Colon cancer is among the third most common cancer affecting people. Almost 149,500 Americans are estimated to get diagnosed with colon cancer in 2021. A study by Umea University reveals that injudicious antibiotics use can be linked to an increased risk for colon cancer. In addition, the effect of antibiotics on the gut microbiome has been reported to be the cause of increased risk.
Antibiotics & The Gut Microbiome
Antibiotics, when prescribed and taken in recommended amounts, help us fight infections. Studies have shown longstanding relations between antibiotics and gut microbiomes.
The gut microbiome represents a colony of mutually beneficial microorganisms residing in the human gut. Antibiotics interact with these microorganisms and cause changes in composition and function.
Effects Of Antibiotics Use On The Gut Microbiome
- Treatment by ciprofloxacin influenced the overgrowth of one type of beneficial microorganism in the gut. This overgrowth of a specific bacterial type disturbed the evenness and diversity of the gut microbiome.
- A study done in mice-model with antibiotic administration saw changes in levels of fat and metabolic hormones.
- The gut microbiome influences the immune system, and changes in the gut microbiome lead to autoimmune, inflammatory, and allergic effects in the body.
- Treatment by beta-lactam class of antibiotics causes carbohydrate degeneration leading to sugar imbalance in the body as seen in obese individuals.
Further, overuse of antibiotics leads to opportunistic infections by antibiotic-resistant microbes, which wreak havoc in the body. The gut microbes’ genetic expression, protein activity & general metabolism change, and replacement or restoration may take years. Often, the original state is hardly regained.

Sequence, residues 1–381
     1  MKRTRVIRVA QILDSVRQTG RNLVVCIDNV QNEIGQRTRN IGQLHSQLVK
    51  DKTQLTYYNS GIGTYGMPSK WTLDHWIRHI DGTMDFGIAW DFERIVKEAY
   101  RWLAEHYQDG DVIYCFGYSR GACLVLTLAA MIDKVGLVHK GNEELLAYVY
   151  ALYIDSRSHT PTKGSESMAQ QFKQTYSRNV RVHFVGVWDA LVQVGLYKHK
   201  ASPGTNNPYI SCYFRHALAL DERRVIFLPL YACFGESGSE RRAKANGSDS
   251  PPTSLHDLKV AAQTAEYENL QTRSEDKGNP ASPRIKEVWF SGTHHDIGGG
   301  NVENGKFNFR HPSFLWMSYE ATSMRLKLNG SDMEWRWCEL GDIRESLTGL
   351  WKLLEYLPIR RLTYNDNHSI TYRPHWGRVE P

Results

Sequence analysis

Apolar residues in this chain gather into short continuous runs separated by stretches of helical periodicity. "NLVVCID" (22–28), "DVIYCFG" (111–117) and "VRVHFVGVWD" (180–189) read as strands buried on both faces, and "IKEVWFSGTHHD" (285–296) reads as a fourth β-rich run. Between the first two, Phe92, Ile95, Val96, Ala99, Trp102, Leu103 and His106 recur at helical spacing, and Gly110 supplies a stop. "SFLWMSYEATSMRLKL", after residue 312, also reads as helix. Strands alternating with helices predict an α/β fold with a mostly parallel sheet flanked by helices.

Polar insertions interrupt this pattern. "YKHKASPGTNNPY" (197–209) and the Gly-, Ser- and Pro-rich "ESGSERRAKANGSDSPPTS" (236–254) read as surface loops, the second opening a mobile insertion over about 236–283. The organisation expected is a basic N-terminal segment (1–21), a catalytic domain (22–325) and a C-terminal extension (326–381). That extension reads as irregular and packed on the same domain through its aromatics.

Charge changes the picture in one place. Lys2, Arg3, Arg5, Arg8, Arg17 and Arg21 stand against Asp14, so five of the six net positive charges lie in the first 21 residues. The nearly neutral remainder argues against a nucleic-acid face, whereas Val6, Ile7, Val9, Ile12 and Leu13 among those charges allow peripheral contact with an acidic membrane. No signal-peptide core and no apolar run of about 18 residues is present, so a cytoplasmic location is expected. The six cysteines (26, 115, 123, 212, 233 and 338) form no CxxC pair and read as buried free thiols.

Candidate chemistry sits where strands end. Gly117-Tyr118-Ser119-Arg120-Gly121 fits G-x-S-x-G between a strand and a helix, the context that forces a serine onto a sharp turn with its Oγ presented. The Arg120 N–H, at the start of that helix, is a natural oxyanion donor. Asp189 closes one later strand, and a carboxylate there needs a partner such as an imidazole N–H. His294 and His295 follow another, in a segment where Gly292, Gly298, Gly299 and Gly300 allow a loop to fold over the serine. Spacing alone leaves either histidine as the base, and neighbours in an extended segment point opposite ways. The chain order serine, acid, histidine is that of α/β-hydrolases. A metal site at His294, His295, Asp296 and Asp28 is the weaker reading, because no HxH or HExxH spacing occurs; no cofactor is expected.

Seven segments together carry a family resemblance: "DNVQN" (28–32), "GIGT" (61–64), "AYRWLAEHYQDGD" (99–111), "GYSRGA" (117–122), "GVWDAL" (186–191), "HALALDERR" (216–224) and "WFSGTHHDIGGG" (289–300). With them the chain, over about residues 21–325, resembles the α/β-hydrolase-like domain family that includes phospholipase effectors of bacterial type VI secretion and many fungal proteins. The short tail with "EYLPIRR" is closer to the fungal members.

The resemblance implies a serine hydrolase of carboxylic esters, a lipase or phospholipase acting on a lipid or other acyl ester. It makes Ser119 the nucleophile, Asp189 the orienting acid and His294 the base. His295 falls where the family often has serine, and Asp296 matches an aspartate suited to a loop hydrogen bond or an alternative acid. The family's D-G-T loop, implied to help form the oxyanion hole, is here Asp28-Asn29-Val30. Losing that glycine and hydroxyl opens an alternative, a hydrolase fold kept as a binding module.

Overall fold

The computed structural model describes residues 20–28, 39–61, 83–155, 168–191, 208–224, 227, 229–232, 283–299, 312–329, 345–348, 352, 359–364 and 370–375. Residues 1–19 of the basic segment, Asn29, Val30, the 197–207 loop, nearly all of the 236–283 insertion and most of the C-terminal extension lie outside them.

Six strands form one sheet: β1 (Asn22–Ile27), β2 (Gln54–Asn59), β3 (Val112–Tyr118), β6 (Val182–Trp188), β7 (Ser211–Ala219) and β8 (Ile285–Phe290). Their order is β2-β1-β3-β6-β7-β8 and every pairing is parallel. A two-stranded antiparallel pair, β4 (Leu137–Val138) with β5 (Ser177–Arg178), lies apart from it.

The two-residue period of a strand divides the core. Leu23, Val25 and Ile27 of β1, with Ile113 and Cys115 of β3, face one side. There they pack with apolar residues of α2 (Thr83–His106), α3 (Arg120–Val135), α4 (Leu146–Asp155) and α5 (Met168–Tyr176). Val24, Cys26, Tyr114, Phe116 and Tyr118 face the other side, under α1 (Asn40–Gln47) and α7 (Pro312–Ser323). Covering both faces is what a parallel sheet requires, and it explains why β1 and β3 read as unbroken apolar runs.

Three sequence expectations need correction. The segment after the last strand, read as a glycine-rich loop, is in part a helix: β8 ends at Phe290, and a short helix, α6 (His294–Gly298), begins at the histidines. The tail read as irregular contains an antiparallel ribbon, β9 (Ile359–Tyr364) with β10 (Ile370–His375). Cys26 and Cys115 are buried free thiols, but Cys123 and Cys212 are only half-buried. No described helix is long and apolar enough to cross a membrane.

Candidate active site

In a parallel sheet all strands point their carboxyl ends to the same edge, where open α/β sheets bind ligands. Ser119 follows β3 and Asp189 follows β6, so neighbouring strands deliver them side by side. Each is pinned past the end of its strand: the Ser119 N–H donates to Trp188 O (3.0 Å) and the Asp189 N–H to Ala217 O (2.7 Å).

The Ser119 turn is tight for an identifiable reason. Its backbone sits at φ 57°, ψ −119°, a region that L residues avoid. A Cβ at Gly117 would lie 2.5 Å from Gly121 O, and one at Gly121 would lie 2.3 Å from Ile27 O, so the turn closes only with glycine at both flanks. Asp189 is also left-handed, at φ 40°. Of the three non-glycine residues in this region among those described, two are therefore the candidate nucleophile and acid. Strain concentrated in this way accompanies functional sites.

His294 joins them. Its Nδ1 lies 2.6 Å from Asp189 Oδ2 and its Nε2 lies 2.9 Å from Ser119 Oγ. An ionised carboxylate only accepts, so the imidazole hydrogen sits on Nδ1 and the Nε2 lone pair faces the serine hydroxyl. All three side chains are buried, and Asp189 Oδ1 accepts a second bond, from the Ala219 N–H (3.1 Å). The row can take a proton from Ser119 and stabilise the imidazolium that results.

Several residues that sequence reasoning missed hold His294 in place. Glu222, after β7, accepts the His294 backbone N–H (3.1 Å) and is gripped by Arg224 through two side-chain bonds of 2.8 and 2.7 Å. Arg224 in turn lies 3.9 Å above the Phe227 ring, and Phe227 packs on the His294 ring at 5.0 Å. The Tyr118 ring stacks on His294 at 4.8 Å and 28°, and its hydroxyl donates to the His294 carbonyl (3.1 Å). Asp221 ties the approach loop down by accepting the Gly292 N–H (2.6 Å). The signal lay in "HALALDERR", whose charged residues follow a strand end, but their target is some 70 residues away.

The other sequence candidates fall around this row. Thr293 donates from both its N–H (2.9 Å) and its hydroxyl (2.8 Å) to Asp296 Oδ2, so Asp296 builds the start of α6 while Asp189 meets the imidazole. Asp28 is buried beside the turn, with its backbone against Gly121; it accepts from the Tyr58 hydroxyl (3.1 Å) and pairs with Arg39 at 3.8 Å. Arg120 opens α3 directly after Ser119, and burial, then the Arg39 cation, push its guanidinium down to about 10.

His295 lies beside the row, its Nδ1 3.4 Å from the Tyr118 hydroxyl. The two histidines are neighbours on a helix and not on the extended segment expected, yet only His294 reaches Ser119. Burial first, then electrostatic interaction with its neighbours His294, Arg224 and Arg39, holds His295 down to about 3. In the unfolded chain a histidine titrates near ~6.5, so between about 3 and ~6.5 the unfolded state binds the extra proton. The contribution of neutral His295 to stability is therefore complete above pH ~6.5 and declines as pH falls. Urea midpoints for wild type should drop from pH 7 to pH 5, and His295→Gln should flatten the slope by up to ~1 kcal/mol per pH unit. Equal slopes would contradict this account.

*Note: Opportunistic Infections are caused by pathogens that take advantage of a body situation not normally present.
Genetic expression is the process by which information stored in a gene is used to produce proteins to finally cause a physiological effect.
Colon Cancer - Changes in The Gut & Risk of Factors
Colon cancer can be very elusive. The symptoms might not register right away, or it may look like the symptoms are caused by some other infection, irritable bowel syndrome, or inflammatory bowel.
Colon cancer initially manifests as polyps in the colon. These polyps are non-cancerous to begin with; they later develop into cancer. Survival entirely depends on the cancer stage, with the 5-year survival rate being 90.1 % for stage I colon cancer.
Certain types of bacteria in the gut microbiome produce sulfur which is known to be detrimental to DNA. DNA damage causes mutations that might be carcinogenic (having the potential to cause cancer).
Dietary patterns like a diet high in animal fat and protein are a classic risk factor for colon cancer. Additionally, the aforementioned dietary pattern is consistent with an increased diversity of sulfur-producing bacteria in the gut microbiome.
Bacteria like Streptococcus bovis are known inducers of cytokine production, which interfere with cell death in cancerous cells. Further, they enhance the production of new cancer cells and new blood vessels to supply the cancer cells.